A novel of Henry VII. Also check our best rated Biography reviews. Kindle Edition File Size: Victorian London Ebooks 1 Jan. Amazon Media EU S. Customers who bought this item also bought. Daily Life in Victorian London: Share your thoughts with other customers. Write a customer review. There was a problem filtering reviews right now. Please try again later. As with the former work this is also a collection of pieces written over a few years, and then gathered together in one collection. I should point out that there are some typos in this work, but nothing that will seriously hamper your reading pleasure.
This edition has a fully active table of contents so that you can easily locate any pieces that you are interested in and want to read again. I beleive that this was quite popular on first publication but as with many other works has fallen by the wayside, over the years. What is so good about this book though is that Manby Smith really brings what he is talking about to life. You can easily envision the characters that he mentions and what things must have been like.
He tells us of a trip on an omnibus, both below and on the top deck. He shows us people trying to make an honest living, and others making a dishonest one. From doctoring booze to scams that were practised on the unwary, you also find that junk mail is nothing new, and neither is the phenomenon of people having the plants stolen out of their gardens. Currently there seems to have been an upsurge of interest in the Victorian period, especially with costume dramas and novels, and this book may better help you get a feel and taste of the era.
If you are interested in the history of London, the Victorian period, and indeed if you are writing a novel of the period, this book will probably be of much use to you. I find this a considerable understatement of the merits of this long-lost volume. You will not need to be interested in social history nor 'of London' nor 'of Victorian' nor 'of 'low life' - Not at all. Here is a picture of a bygone city in a totally transformed country a hundred and fifty years ago that in so many ways is different from our own times. It has no comparable technology, no comparable welfare nor health schemes and nothing like the complexity of life in a modern city.
But it has "reality" in the sense developed by the modern media.
These are real people struggling to make a living through honest or dishonest means, surrounded by the contemptuous, the gullible and the totally uncaring people on whom they rely. Manby Smith is the central character, observing, describing, commenting, complaining, admiring, envying and displaying every emotion, just as we do when we watch so many television programmes that expose our own society.
The reader's reaction will be sympathetic, prurient, fascinated, dismissive,credulous, contemptuous - feelings just like those when watching Big Brother, Jeremy Kyle or a Piers Morgan interview.
Curiosities of London Life by Charles Manby Smith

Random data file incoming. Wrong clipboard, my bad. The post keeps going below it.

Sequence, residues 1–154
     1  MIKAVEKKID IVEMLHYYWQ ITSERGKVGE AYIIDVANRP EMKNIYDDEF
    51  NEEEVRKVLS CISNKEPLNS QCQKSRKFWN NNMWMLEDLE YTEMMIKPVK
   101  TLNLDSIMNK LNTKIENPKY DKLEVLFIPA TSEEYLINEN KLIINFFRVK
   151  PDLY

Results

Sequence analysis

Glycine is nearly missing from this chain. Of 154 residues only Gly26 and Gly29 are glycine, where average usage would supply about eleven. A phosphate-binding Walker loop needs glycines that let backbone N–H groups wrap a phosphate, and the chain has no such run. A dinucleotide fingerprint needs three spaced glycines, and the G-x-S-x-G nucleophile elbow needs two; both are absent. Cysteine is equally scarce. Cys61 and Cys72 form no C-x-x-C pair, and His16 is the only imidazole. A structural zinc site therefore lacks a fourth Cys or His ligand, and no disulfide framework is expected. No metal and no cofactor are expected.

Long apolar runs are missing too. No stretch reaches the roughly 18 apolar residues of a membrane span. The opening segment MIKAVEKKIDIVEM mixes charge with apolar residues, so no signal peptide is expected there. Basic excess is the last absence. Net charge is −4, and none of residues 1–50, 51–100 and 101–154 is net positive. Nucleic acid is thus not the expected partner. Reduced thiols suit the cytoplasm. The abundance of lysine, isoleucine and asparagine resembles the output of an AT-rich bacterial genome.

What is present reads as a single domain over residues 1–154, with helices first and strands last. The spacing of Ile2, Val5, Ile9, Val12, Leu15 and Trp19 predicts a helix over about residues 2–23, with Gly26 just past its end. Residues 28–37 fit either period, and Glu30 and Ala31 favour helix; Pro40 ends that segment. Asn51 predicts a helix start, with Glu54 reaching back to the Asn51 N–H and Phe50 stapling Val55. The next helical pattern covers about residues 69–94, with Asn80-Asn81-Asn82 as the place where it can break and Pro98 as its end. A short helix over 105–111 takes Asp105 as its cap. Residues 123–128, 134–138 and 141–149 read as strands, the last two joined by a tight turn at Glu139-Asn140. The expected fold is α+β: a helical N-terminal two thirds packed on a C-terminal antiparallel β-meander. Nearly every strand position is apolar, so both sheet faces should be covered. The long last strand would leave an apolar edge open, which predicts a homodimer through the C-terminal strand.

At every section -and there are thirty nine - attentive readers will find themselves comparing their experiences of city life to that so different time. Likewise, they will question the reaction of Manby Smith to the many characters he meets to their own reaction to those they meet every day in their town or city.
They will also not fail to recognise that, although there are many differences that make this London almost a fantasy city and a costume drama, there are as many things that have not changed. My own favourites include the music-grinder, the umbrella man, the sad trombonist,the loss of the pieman reminds me of Greggs ,Sunday trading, a different mode of advertising, the mock auction and the several pieces describing the effects of expansion on the old villages.
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Prepare yourself for some of the most descriptive language you'll ever read - certainly over the top - written for a more leisurely age. It will fill many a pause in your life when you are waiting for Godot. It also was refreshing to read how similar many things were then to how they are now. There are no rose tinted glasses with this book, nor the maudling sentimentality that Dickens sometimes is guilty of.
I found every detail to be an accurate record of fact but written in a chatty albeit an early Victorian form of chatty friendly way. There is no judgement passed on the poor in the main, it is not patronising, in fact in many ways it is inspiring. The book was inspiring as it showed just how good most people are of finding a way if they are free to do so, but it was also deeply moving in places when you read of the suffering. See all 19 reviews. Would you like to see more reviews about this item?
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Curiosities of London Life
One of English literature's great overlooked diarists, a fascinating slice of Edwardian life, composed by a writer with a fine wit and waspish sense of humour. A hour tour of the metropolis, beginning at 4am in Billingsgate, and moving around the city with each passing hour. A voyage through the low life of London, including prostitution, baby-farming and rat-baiting. Daily Life in Victorian London: Over 17, copies sold of this entertaining anthology of the mundane and the astonishing.
Discover how your ancestors really lived. A journalist explores the nooks and corners of the capital, from the rise of the pie-shop, to the dastardly trade of dog-stealing.
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